UPDATE 1-Credit cards still in US watchdog Warren's sights

Tue Feb 22, 2011 6:42pm EST

* Cardholder confusion still high

* Amount of penalty fees charged have been reduced

* Industry had done good job so far, Warren (Rewrites throughout, adds Warren and ABA comments)

By Dave Clarke and Maria Aspan

WASHINGTON/NEW YORK, Feb 22 (Reuters) - U.S. consumer regulator Elizabeth Warren warned the credit card industry of further reforms, even while praising it for going beyond the requirements of last year's crackdown on fees and interest rate increases.

Warren, speaking on Tuesday at the Treasury Department on the anniversary of the so-called CARD Act, displayed her balancing act with the financial industry -- working with firms to enact reforms, and threatening further action for those trying to skirt new rules.

"The data we have assembled indicate that much of the industry has gone further than the law requires in curbing re-pricing and overlimit fees," Warren said, citing a government survey of the impact of the CARD Act, which became effective on Feb. 22, 2010.

Among the findings is that the amount of late fees paid by card holders dropped to $427 million in November 2010 from $901 million in January 2010.

Warren peppered her praise with caveats, saying "significant confusion remains" with the terms of credit cards and regulators are ready to thwart any attempts to exploit loopholes.

Warren did not detail what rules, if any, may be necessary to get clearer terms and thwart industry evasion, but she said the administration wants "to work collaboratively with all parties."

However, the call for more reform is unwelcome to an industry still reeling from the CARD Act and prepping for a fresh Federal Reserve proposal to cap debit processing fees, mandated by last year's Dodd-Frank financial reform law. [ID:nN17133315]

Robert Hammer, who brokers card portfolio sales as head of R.K. Hammer Investment Bankers, estimates that the credit card industry lost about $11 billion in annual revenue as a result of the CARD Act, mostly from its restrictions on how lenders can raise or change interest rates.

Banks have tried to add new fees to make up for the lost interest income, with varying levels of success in off-setting their lost revenue, he said.

Bank of America Corp (BAC.N), the largest U.S. bank by assets, on Monday said it had amended the results of its main credit card unit for the last two years, applying a $20.3 billion goodwill writedown.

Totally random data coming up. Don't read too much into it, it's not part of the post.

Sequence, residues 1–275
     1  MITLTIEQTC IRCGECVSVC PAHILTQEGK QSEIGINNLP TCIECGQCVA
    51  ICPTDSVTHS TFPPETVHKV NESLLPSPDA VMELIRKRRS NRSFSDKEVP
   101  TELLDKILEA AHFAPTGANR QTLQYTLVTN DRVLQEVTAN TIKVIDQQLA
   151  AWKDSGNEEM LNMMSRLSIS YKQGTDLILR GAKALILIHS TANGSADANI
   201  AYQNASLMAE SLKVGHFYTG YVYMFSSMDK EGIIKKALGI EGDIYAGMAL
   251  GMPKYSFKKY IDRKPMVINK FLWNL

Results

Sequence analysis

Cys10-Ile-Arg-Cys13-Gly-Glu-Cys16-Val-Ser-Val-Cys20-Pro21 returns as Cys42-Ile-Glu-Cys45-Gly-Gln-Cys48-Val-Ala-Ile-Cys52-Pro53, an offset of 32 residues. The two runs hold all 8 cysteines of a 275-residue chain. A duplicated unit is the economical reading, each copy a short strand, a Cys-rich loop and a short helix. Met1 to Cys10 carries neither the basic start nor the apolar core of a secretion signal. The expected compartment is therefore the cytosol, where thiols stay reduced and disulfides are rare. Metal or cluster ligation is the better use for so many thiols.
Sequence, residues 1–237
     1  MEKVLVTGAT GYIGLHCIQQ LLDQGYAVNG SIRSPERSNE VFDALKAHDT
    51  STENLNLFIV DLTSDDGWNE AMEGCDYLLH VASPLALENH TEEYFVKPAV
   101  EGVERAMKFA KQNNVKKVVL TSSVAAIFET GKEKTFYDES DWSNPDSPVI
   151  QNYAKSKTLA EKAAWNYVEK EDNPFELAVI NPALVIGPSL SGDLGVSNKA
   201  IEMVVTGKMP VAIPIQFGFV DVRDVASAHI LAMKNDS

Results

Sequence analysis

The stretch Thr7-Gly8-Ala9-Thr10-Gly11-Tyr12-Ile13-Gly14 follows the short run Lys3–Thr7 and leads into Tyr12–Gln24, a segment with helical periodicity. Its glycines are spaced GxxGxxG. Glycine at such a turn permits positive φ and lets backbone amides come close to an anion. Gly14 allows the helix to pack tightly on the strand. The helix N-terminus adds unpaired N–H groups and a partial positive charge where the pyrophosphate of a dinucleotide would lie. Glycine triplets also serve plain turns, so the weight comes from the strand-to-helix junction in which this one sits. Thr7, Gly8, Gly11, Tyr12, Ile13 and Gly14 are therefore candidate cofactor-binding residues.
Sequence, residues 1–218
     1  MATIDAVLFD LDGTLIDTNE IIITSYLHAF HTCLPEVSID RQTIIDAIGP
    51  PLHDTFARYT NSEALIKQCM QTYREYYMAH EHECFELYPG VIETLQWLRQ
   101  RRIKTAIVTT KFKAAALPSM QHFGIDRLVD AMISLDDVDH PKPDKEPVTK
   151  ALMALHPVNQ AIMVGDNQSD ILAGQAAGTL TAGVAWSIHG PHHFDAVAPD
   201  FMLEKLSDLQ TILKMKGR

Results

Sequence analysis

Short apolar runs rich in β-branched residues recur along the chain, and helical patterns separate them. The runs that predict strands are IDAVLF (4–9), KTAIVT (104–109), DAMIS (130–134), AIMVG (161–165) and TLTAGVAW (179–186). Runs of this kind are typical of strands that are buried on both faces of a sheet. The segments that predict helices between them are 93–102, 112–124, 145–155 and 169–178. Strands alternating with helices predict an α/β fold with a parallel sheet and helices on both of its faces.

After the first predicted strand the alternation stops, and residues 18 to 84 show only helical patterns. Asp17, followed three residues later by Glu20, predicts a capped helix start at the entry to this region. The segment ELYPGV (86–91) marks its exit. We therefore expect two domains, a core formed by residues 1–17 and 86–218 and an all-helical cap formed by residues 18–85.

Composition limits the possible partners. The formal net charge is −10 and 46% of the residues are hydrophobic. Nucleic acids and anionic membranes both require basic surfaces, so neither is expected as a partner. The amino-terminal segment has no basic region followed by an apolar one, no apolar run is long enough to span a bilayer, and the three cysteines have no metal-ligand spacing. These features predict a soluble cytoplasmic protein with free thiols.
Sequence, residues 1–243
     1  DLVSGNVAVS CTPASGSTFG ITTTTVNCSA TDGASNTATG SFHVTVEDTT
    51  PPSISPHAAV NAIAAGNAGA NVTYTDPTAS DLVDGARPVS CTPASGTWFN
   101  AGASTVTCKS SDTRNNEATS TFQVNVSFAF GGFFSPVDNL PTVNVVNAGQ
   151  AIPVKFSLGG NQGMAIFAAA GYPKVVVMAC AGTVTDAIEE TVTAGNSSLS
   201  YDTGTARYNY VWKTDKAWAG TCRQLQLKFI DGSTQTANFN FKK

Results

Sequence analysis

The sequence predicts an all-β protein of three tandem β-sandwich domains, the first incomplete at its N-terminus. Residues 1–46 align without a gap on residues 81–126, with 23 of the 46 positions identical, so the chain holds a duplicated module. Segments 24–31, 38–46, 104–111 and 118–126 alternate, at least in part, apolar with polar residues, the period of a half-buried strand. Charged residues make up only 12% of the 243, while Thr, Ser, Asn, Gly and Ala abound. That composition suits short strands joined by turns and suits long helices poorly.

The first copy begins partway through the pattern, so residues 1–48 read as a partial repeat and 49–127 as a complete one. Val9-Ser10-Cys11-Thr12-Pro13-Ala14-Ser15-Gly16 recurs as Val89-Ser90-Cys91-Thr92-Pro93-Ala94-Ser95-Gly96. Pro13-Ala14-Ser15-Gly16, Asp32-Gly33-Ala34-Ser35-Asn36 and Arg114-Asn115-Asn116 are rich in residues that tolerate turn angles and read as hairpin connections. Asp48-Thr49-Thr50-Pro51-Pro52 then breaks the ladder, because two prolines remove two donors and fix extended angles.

The bank said the writedown -- which will not affect its overall capital levels or cause it to restate earnings -- was caused by "deteriorating credit quality and the adverse impact from The CARD Act on Bank of America's credit card operations in 2009." [ID:nSGE71K0AG]

UNDER WARREN'S WATCH

Warren is heading the effort to create the new Consumer Financial Protection Bureau, which will oversee the credit card law when the bureau begins operating in July.

She said on Tuesday that a "top priority" for the bureau is making sure credit card products are easier to understand so that consumers can do comparison shopping.

Discover Financial Services (DFS.N) Chief Operating Officer Roger Hochschild said last week that the company is working with Warren and the consumer protection agency to develop clearer disclosures.

However, he also said he hopes the consumer agency will turn its attention elsewhere.

"I hope they focus a little more on mortgages and other financial products, given the amount of change that has already occurred in the credit card industry," he said during his presentation at a Keefe Bruyette & Woods card industry conference.

Industry groups this week acknowledged the increased transparency brought about by the card law, but the American Bankers Association said it has also led to less credit availability.

"Recent data indicates that the cost of credit and its availability have been negatively impacted by the act, particularly for working-class Americans, many of whom have been edged out of the marketplace or are facing higher upfront rates and tougher credit terms," Kenneth Clayton, the group's chief counsel, said in a statement on Tuesday. (Reporting by Dave Clarke in Washington and Maria Aspan in New York; Editing by Andrew Hay and Tim Dobbyn)

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